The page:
But I think my favourite is the gorgeous, 500 year old Palazzo Guiderocchi, in Ascoli Piceno. It may be the colonnaded staircase and courtyard reminiscent of a Shakespearian romance story, or perhaps it just where it is, in the stunning town of Ascoli, which will take your breath away. When Rome hungered for Travertine marble they found it here. So when Ascoli evolved as an important regional Roman city, you can imagine what their favourite building material was! Overlapping the Roman architecture you will find one of the most beautiful medieval cities in Italy, and that is saying something! In a recent survey Ascoli’s main square was placed in the top 5 squares in all Italy! With a skyline that is pierced by cathedral spires and stone towers above merchant palaces, you know you have discovered somewhere different! A must see is the incredible blue painted interior of the Cathedral of Sant'Emidio. And a must do is taking the time to relax, sit in a shady café to enjoy a leisurely lunch with a glass of wine whilst watching the locals saunter by.
The Le Marche region
In Ascoli, in the Le Marche region they take their food and drinks very seriously. That is why on one evening you will visit the ‘timepiece’ Caffé Meletti, to enjoy dinner on their 2nd floor terrace looking directly down on Piazza del Popolo. Of an evening, the lights shimmer enchantingly off the polished Travertine stone pavers, and delightfully there are no crowds, no tourists, and it is all yours!
A must try is the olive all'ascolana - fried, stuffed olives invented here in Ascoli.
Further north in Mondaino you will taste locally made pecorino. Recently some enterprising locals excavated an abandoned car mechanics garage and discovered some ancient pecorino wells. After countless hours cleaning up the years of grease and oil they bought this traditional pecorino house back to life. Now you can look down into these underground cheese maturing chambers and, above ground taste genuine pecorino. Adding charm, your pecorino ‘lord and lady’, dressed in gorgeous medieval costumes, will take you on a guided walk through town.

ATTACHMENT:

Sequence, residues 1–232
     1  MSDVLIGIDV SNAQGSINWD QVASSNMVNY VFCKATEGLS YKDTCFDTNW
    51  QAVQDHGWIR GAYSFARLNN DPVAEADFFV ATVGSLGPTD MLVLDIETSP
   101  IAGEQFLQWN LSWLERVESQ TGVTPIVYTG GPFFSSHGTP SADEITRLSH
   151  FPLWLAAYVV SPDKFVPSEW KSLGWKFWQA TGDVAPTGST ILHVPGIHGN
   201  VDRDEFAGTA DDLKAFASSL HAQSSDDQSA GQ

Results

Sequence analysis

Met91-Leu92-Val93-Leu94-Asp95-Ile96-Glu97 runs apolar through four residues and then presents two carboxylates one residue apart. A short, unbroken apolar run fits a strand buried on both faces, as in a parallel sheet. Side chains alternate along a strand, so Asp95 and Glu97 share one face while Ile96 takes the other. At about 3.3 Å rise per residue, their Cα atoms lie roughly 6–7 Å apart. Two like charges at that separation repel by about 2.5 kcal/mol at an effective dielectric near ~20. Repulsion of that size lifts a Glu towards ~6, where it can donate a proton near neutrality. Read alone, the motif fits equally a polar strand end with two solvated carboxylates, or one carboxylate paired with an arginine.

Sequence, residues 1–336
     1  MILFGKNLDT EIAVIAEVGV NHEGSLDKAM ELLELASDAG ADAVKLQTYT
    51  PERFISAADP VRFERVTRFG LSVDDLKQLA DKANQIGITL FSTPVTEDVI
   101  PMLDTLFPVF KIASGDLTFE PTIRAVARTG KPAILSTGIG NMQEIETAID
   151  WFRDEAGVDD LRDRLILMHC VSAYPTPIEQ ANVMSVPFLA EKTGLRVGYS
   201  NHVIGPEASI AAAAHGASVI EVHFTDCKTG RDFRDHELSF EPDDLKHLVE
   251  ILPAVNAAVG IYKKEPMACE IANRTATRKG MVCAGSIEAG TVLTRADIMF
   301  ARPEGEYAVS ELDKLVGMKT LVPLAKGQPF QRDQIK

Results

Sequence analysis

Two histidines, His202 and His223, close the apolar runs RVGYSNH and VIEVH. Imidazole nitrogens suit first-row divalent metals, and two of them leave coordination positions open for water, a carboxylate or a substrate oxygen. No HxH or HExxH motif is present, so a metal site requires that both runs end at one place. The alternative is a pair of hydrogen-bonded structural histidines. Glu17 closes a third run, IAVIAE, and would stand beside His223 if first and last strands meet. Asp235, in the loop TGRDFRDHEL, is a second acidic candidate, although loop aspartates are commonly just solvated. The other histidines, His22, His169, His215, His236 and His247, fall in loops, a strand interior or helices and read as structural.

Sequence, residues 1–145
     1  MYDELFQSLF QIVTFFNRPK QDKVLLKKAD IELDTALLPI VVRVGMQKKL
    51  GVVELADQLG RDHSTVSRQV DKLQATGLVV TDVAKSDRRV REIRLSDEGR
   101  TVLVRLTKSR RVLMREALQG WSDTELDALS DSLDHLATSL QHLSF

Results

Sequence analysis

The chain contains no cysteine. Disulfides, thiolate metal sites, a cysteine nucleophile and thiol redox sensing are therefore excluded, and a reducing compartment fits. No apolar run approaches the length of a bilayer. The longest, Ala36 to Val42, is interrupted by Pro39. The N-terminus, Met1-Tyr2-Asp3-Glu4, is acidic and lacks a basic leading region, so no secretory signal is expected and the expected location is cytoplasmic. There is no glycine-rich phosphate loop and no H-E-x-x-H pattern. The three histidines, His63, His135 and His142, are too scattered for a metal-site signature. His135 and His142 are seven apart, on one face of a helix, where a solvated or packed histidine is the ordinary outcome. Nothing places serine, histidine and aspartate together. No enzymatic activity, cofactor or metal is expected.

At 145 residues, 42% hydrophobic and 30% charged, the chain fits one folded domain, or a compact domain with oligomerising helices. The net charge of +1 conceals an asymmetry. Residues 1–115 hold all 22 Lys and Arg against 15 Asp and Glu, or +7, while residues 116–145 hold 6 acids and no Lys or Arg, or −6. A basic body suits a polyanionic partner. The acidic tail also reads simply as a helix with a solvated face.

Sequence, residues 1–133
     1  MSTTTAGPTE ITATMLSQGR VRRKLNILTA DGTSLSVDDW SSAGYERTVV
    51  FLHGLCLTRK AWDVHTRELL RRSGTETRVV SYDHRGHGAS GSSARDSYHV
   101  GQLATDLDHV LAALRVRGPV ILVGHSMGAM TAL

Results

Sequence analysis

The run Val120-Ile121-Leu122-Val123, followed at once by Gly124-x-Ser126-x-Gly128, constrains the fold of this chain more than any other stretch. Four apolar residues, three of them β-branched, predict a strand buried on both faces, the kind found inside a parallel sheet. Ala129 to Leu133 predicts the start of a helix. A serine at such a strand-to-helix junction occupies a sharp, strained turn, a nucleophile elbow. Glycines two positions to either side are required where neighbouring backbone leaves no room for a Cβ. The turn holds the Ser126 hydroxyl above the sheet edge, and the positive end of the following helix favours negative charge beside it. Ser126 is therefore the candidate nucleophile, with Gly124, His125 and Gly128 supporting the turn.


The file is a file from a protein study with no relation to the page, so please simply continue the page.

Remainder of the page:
And then there is the Theatre of the Golden Serpent in Offida
There’s a little town called Offida, famous for its handmade lace. In fact, they still make it here by hand. On sunny days you can see ladies sitting in doorways, chatting with their neighbours, whilst their hands are a flurry of movement, busy weaving bobbins into fine lace cloth. At the far end of Offida town there is the 700 year church - Santa Maria della Rocca - St Mary’s church of the rock. Unusually the entrance is via the frescoed and pillared crypt. But the place that really entranced me in town was the Teatro Serpente Aureo di Offida – the Theatre of the Golden Serpent. This antique theatre reeks of glorious regional old time opera. So compact, there are 4 tiers of pale green and golden private boxes which climb vertically above the red velvet chairs in the stalls. It is still being used today, and the actors must all get ankle ache because the old wooden stage actually slopes downwards towards the stalls so everyone gets a great view of the stage. Sitting there, you can so easily imagine the local godfather along with the provincial gentry attending the opera, hiding in the shadows above, in this perfect 18th century timepiece.
George Clooney was here…
At the end of the 19th century the stone hilltop village of Santo Stefano di Sessanio, in Abruzzo, became deserted. The inhabitants, ravaged by poverty first and then earthquakes, had all fled to new lives in the Americas and Australia. But now times have changed, and the town is slowly coming back to life. It is being rebuilt, sensitively, and with care. Walking down timepiece alleys and squeezing through narrow cobbled streets and passageways, you enter a forgotten era. One minute you weave between scaffolding (yes, it is perfectly safe!) holding up the walls and the next you next to an artisan’s shop, or a café or someone’s characterful stone house, compete with lace curtains and flower pots. You will find the ‘over grown and crumbling’ next to the ‘lovingly restored’. In fact, it was here George Clooney stayed whilst filming ‘The American’.
Abruzzo and Le Marche… sshhh!
It is quite extraordinary that this area of Italy is so readily missed. There are virtually no airports nearby, which is good because then there are no plane loads of tourists. There are no motorways or service stops either. In fact, I am rather pleased with the fact there is little tourist infrastructure. Because if there was there would then be nothing ‘alternative’ about this tour. But I can assure you there is!
Come with us to Le Marche now… before it shines on the massed tourist radar. But shhhh, let’s keep it that way, so try not to tell anyone!